Discuss how Waugh blends comedy and tragedy in ‘A Handful of Dust’:
The blend of an essentially tragic plot with comical situations and characters is noted by Peter Quennel, saying that the reader “smiles and is subtly horrified at the same time” by Waugh’s sometimes humorous punishment of his characters. As the novel progresses, it becomes increasingly symbolic, exacerbating the amusing factors of the tragic
To understand how Waugh blends comedy and tragedy in this novel, it is also important to understand why. Waugh felt that society was descending into “fear in a handful of dust”, the title referencing TS Eliot’s ‘modernist poem, The Waste Land’. A Handful of Dust is the first of Waugh’s works that has an inherently religious message. With the serious tone and often upsetting plot, Waugh felt that humour would sufficiently lighten the mood of the novel and also unsettle the reader.
The comic and tragic elements serve the same purpose and in their own ways belittle the characters and their situations. Early in the novel, in a discussion with Beaver, Jock remarks that ‘Tony’s the happiest man I know,” with an apparently “devoted wife”. Beaver and Jock are largely responsible for Tony’s devastating downfall, yet they consider how perfect his life is before doing so. This is exactly the kind of self-mocking ironic satire that Waugh aims to achieve, making his characters seem worthless and surreal. John Andrew continues this theme when referring to Polly Cockpurse as “that monkey-woman”. She is a tragic woman, similar to Beaver in that her purpose has been to climb the social ladder, a pointless activity as far as Waugh is concerned. Yet John Andrew’s innocent interpretation of her appearance amuses the reader for more simple reasons. Waugh contrasts instances that are funny for obvious reasons with tragedy that is more complex and vice versa.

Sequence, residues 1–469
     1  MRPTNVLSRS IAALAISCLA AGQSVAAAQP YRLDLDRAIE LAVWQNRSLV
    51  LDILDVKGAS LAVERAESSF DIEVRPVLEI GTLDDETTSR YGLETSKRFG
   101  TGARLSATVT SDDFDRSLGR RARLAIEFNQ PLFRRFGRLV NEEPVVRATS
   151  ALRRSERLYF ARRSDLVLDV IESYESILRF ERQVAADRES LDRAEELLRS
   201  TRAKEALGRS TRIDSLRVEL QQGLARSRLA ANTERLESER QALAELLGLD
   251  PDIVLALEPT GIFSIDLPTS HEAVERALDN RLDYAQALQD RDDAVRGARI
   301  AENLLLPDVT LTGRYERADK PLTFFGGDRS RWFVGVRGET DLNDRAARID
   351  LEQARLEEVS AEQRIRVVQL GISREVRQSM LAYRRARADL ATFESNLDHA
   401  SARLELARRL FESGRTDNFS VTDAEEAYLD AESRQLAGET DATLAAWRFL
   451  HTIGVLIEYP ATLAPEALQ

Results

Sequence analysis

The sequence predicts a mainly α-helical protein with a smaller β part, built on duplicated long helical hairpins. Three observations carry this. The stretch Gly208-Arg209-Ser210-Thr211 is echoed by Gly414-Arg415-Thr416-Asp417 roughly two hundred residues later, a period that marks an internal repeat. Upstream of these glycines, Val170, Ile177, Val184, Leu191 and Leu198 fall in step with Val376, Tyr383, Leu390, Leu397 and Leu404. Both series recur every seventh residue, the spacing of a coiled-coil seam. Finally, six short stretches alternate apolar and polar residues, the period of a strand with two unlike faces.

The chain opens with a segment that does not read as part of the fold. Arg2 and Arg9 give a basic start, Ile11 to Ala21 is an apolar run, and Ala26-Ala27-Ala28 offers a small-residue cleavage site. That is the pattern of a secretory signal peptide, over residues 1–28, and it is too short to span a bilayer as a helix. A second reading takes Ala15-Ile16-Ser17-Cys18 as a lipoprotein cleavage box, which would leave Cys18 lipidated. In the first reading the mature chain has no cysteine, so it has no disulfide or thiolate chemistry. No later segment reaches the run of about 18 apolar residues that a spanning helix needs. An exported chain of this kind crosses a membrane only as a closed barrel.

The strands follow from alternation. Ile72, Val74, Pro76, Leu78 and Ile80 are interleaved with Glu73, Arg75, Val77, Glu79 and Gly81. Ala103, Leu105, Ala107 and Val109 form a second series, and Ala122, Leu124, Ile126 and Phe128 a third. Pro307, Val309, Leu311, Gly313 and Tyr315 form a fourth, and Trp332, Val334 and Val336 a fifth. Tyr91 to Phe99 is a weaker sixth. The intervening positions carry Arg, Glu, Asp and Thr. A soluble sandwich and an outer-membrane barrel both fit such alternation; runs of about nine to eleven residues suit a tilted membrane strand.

The Essay on Is President Bill Clinton A Tragic Character
Is President Bill Clinton a Tragic character A tragic character is someone who is basically good, strong, intelligent, and not a martyr. A tragic character must have good fortune and be successful. A tragic character must also possess a tragic flaw, which in an attribute that would lead to a downfall. The character must also be of great importance or in a position of greatness. The character must ...
Tragedy and comedy combine to the same satirical ends throughout the novel. This is particularly true for Tony’s ‘Fisher King’ fate, when Mr Todd says, “We will not have any Dickens today… but tomorrow, and the day after that, and the day after that”. John Cunningham notes that Tony’s “history and his condition at the end of the novel seem to be punishments too severe for his only crime – being tiresome”; the modern reader feels that Tony’s brutal suffering is too much, yet the reader is also amused by the manner of his suffering.